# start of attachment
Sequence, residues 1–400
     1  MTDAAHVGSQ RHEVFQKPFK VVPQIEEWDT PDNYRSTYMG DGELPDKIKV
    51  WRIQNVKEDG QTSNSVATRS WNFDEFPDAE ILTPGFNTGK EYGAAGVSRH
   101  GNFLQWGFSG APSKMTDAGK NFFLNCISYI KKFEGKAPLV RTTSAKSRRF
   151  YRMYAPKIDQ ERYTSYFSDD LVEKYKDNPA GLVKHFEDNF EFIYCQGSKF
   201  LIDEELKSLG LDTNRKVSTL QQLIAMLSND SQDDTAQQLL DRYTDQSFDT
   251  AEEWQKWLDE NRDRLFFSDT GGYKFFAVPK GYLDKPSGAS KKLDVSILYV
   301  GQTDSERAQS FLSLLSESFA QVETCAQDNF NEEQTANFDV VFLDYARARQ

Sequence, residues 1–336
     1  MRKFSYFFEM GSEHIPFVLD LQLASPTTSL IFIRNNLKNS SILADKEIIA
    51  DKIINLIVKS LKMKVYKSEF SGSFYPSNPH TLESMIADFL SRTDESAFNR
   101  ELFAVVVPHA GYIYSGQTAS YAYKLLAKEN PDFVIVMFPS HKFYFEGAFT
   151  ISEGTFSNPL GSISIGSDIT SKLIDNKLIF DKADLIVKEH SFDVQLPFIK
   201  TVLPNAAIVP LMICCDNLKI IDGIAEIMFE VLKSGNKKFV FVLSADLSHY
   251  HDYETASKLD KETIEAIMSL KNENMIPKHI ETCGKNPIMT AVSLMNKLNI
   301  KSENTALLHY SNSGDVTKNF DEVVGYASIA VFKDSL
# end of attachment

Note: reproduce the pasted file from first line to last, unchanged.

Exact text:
Sequence, residues 1–400
     1  MTDAAHVGSQ RHEVFQKPFK VVPQIEEWDT PDNYRSTYMG DGELPDKIKV
    51  WRIQNVKEDG QTSNSVATRS WNFDEFPDAE ILTPGFNTGK EYGAAGVSRH
   101  GNFLQWGFSG APSKMTDAGK NFFLNCISYI KKFEGKAPLV RTTSAKSRRF
   151  YRMYAPKIDQ ERYTSYFSDD LVEKYKDNPA GLVKHFEDNF EFIYCQGSKF
   201  LIDEELKSLG LDTNRKVSTL QQLIAMLSND SQDDTAQQLL DRYTDQSFDT
   251  AEEWQKWLDE NRDRLFFSDT GGYKFFAVPK GYLDKPSGAS KKLDVSILYV
   301  GQTDSERAQS FLSLLSESFA QVETCAQDNF NEEQTANFDV VFLDYARARQ

Sequence, residues 1–336
     1  MRKFSYFFEM GSEHIPFVLD LQLASPTTSL IFIRNNLKNS SILADKEIIA
    51  DKIINLIVKS LKMKVYKSEF SGSFYPSNPH TLESMIADFL SRTDESAFNR
   101  ELFAVVVPHA GYIYSGQTAS YAYKLLAKEN PDFVIVMFPS HKFYFEGAFT
   151  ISEGTFSNPL GSISIGSDIT SKLIDNKLIF DKADLIVKEH SFDVQLPFIK
   201  TVLPNAAIVP LMICCDNLKI IDGIAEIMFE VLKSGNKKFV FVLSADLSHY
   251  HDYETASKLD KETIEAIMSL KNENMIPKHI ETCGKNPIMT AVSLMNKLNI
   301  KSENTALLHY SNSGDVTKNF DEVVGYASIA VFKDSL